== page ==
|“Therefore do not worry about tomorrow, |
for tomorrow will worry about itself.
Each day has enough trouble of its own.”
You’ve no doubt heard the question: “How do you eat an elephant?” And the answer: “One bite at a time.”
I confess that I am a veteran “planner.” I plan everything in order to stave off unwanted surprises or risky situations. God gave me this innate ability to systematically prepare for every contingency.
Yet, I don’t imagine He had in mind giving me this capability of planning in order that I should use it so in lieu of trusting Him. Much of the time He chooses to keep me in the dark about what comes next just for that very reason.
I’m sure that the Israelites would have liked to have known when God was going to lead them on in the wilderness so that they could have prepared meals “on the go.” Instead, He provided only enough manna for one day at a time. It appeared as dew in the morning and quickly evaporated. The people of Israel had to gather it without dawdling and trust God that He would supply the same food every day.
Corrie ten Boom, a Dutch woman whose family hid Jews from the Nazis in their home and who was subsequently imprisoned at Ravensbruck concentration camp, tells the story about a conversation with her father. Corrie had asked her father why God only seems to give them a clear answer to their prayers at the very last minute.
Her father sat down on the edge of the narrow bed and gently began to ask Corrie a question: “When you and I go to Amsterdam—when do I give you your ticket?”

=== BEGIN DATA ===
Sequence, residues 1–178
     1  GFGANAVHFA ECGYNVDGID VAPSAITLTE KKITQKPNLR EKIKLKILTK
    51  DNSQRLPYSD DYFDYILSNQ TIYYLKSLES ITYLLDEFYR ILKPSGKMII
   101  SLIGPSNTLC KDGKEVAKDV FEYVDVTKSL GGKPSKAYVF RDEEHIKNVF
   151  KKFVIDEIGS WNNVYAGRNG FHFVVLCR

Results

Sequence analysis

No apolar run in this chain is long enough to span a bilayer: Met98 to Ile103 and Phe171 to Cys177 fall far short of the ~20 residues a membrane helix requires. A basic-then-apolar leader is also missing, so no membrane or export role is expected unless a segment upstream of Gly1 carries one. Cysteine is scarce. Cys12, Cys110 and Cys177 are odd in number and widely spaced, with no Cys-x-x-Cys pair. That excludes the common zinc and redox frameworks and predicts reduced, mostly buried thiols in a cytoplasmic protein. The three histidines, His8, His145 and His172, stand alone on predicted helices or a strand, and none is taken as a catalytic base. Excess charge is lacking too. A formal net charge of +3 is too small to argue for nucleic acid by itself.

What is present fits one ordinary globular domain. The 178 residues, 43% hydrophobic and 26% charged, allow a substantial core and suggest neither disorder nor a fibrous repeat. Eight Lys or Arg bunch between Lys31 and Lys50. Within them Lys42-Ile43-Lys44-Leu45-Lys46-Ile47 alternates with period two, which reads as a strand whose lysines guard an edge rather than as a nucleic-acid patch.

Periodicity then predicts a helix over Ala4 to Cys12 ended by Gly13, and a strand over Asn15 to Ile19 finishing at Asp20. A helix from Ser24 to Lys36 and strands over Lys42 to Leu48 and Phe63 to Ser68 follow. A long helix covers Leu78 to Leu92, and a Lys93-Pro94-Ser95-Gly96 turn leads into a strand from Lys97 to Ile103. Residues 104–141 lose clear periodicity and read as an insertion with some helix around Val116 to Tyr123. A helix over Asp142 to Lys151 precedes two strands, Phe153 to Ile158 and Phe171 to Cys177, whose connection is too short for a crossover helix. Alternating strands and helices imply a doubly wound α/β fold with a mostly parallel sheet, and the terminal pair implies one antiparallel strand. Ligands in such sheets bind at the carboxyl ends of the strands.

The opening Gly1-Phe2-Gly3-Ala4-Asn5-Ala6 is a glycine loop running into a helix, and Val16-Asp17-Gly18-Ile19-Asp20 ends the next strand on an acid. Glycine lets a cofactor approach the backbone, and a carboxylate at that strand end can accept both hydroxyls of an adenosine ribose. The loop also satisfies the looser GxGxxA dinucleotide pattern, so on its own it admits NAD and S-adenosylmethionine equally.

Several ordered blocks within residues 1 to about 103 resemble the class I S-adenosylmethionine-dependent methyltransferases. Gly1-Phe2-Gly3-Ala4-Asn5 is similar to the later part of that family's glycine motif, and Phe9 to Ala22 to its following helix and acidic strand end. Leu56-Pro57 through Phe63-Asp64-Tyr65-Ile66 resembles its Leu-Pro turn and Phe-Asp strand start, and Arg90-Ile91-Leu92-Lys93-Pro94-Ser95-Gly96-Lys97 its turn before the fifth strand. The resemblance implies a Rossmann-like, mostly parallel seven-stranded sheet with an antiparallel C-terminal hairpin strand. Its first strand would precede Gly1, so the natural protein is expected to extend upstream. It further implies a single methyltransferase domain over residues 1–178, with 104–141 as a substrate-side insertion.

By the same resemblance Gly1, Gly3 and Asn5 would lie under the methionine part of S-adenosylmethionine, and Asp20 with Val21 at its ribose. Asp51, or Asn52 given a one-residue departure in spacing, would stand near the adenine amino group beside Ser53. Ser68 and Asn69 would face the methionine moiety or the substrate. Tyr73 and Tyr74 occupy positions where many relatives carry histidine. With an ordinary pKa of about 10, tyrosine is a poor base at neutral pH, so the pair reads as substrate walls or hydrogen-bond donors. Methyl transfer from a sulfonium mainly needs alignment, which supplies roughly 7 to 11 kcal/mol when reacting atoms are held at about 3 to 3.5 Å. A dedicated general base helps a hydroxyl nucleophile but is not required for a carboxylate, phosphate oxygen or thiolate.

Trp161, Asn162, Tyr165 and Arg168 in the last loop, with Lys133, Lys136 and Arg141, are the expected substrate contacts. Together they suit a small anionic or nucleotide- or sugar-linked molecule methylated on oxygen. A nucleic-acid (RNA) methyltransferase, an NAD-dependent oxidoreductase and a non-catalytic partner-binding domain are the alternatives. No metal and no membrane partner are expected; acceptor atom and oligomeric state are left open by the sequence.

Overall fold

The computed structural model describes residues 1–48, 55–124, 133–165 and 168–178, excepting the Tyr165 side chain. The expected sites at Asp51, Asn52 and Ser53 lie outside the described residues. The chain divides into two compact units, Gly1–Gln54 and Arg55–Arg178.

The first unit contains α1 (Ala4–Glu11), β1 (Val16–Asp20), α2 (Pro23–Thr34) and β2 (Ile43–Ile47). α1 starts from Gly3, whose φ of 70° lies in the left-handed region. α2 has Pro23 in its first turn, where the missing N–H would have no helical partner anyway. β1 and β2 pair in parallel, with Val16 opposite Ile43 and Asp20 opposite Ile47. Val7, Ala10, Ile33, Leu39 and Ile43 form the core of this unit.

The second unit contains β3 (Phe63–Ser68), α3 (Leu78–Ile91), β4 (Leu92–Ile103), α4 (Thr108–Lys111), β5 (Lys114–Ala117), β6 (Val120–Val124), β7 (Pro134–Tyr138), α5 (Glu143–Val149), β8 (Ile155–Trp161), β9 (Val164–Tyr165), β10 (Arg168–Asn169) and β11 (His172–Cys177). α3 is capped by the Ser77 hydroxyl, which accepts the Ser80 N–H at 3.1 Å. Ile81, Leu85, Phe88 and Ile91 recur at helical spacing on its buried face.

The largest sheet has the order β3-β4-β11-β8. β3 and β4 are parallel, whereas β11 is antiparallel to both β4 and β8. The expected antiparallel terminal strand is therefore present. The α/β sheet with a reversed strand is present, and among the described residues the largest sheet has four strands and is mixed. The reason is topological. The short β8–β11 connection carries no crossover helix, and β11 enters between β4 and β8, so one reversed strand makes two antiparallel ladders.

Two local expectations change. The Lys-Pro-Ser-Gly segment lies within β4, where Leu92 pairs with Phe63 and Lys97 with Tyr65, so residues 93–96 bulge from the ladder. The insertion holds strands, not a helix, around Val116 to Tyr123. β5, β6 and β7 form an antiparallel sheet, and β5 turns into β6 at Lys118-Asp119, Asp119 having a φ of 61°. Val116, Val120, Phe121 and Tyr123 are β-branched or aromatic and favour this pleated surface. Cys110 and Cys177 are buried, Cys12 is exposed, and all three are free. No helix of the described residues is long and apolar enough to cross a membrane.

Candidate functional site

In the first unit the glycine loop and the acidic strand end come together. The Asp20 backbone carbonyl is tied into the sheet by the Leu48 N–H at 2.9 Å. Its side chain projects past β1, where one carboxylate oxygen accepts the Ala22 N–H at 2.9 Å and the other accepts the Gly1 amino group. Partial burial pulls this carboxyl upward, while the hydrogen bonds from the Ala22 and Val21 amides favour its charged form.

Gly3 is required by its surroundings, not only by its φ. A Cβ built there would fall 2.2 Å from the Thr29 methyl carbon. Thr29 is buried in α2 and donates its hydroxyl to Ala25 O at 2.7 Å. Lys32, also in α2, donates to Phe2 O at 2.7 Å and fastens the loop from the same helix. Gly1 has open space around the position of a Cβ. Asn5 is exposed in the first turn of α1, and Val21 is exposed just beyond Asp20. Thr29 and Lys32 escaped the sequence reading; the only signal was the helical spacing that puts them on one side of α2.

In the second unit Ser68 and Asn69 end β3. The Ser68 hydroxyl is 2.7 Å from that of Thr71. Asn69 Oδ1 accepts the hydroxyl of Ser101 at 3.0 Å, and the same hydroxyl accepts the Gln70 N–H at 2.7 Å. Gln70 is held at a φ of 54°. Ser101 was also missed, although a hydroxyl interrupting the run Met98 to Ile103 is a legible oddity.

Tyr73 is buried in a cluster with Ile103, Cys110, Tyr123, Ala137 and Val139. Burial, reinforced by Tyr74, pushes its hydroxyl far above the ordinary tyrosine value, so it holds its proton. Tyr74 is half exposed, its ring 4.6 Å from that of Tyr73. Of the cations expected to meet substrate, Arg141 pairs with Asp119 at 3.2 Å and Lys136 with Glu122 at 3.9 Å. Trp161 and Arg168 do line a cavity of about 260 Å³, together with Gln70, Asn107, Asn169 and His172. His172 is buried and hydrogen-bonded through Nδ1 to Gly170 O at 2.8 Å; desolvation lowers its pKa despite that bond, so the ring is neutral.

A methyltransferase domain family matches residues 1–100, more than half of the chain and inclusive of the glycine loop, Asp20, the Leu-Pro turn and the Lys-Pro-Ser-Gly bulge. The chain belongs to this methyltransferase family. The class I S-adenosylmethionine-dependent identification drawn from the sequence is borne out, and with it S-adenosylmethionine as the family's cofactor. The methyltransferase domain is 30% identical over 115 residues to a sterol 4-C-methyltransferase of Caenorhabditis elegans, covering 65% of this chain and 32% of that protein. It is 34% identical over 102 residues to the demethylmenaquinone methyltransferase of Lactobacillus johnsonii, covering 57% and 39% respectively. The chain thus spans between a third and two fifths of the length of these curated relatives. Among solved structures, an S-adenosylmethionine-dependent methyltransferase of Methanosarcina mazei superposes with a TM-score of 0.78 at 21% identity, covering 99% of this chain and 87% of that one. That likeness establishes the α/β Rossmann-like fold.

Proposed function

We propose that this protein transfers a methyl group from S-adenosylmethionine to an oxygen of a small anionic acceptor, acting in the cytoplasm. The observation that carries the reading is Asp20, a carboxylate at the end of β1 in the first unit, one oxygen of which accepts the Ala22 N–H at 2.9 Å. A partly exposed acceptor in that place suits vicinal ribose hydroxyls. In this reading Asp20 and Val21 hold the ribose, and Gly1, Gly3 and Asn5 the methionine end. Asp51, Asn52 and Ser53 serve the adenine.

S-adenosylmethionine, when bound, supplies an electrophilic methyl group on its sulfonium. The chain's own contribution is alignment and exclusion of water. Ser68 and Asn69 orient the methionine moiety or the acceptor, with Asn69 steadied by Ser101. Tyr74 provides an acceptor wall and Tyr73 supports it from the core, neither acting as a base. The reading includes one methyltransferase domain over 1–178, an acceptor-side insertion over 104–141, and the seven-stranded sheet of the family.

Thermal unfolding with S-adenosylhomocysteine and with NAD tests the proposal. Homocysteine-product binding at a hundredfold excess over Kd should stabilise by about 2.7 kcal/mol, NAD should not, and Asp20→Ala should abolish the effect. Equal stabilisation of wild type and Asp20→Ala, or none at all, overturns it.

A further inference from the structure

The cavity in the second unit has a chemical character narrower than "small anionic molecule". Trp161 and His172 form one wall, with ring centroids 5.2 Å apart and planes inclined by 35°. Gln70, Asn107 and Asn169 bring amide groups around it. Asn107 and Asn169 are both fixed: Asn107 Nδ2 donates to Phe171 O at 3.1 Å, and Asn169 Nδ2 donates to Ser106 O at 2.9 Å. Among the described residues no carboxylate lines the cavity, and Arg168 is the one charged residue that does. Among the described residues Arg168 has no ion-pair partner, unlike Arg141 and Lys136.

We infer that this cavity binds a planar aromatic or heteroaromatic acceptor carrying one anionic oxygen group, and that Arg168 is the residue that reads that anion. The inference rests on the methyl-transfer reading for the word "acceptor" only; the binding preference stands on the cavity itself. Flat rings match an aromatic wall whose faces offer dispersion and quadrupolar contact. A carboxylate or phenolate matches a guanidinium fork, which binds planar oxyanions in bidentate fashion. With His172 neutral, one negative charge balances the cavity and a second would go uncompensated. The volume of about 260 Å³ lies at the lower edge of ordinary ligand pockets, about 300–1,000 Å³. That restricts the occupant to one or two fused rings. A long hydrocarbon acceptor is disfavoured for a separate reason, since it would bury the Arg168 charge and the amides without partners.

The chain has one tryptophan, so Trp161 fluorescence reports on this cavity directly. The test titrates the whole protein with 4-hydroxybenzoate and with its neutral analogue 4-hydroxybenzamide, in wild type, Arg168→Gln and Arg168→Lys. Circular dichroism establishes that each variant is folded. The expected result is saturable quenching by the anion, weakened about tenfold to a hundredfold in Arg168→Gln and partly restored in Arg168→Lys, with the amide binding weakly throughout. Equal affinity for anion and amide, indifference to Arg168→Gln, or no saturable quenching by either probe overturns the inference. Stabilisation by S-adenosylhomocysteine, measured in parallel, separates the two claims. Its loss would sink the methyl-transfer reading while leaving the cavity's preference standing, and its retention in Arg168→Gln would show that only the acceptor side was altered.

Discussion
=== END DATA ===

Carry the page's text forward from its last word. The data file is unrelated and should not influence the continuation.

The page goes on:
She sniffed a few times before responding with “Why, just before we get on the train.”
Her father then went on, “Exactly. And our wise Father in Heaven knows when we’re going to need things, too. Don’t run out ahead of Him, Corrie. When the time comes that some of us will have to die, you will look into your heart and find the strength you need—just in time.” 1
Whether the situation seems as dire as Corrie’s, or has to do with how you will get everything done for the upcoming wedding, or household move, or the months of chemotherapy ahead, God gives us the same answer: “Trust me and take one thing at a time.”
Certainly the patriarchs listed in Hebrews 11 give us plenty of examples of men and women who trusted in God during impossible situations. As Proverbs 3:5-6 tells us:
Trust in the Lord with all your heart and lean not on your own understanding. In all your ways acknowledge him and he will direct your paths.
God comforts us as we begin “eating our elephant” in 1 Peter 5:7:
Cast all your anxiety on him because he cares for you.
|1 Ten Boom, Corrie, The Hiding Place. Old Tappan, NJ: Spire Books, 1971.|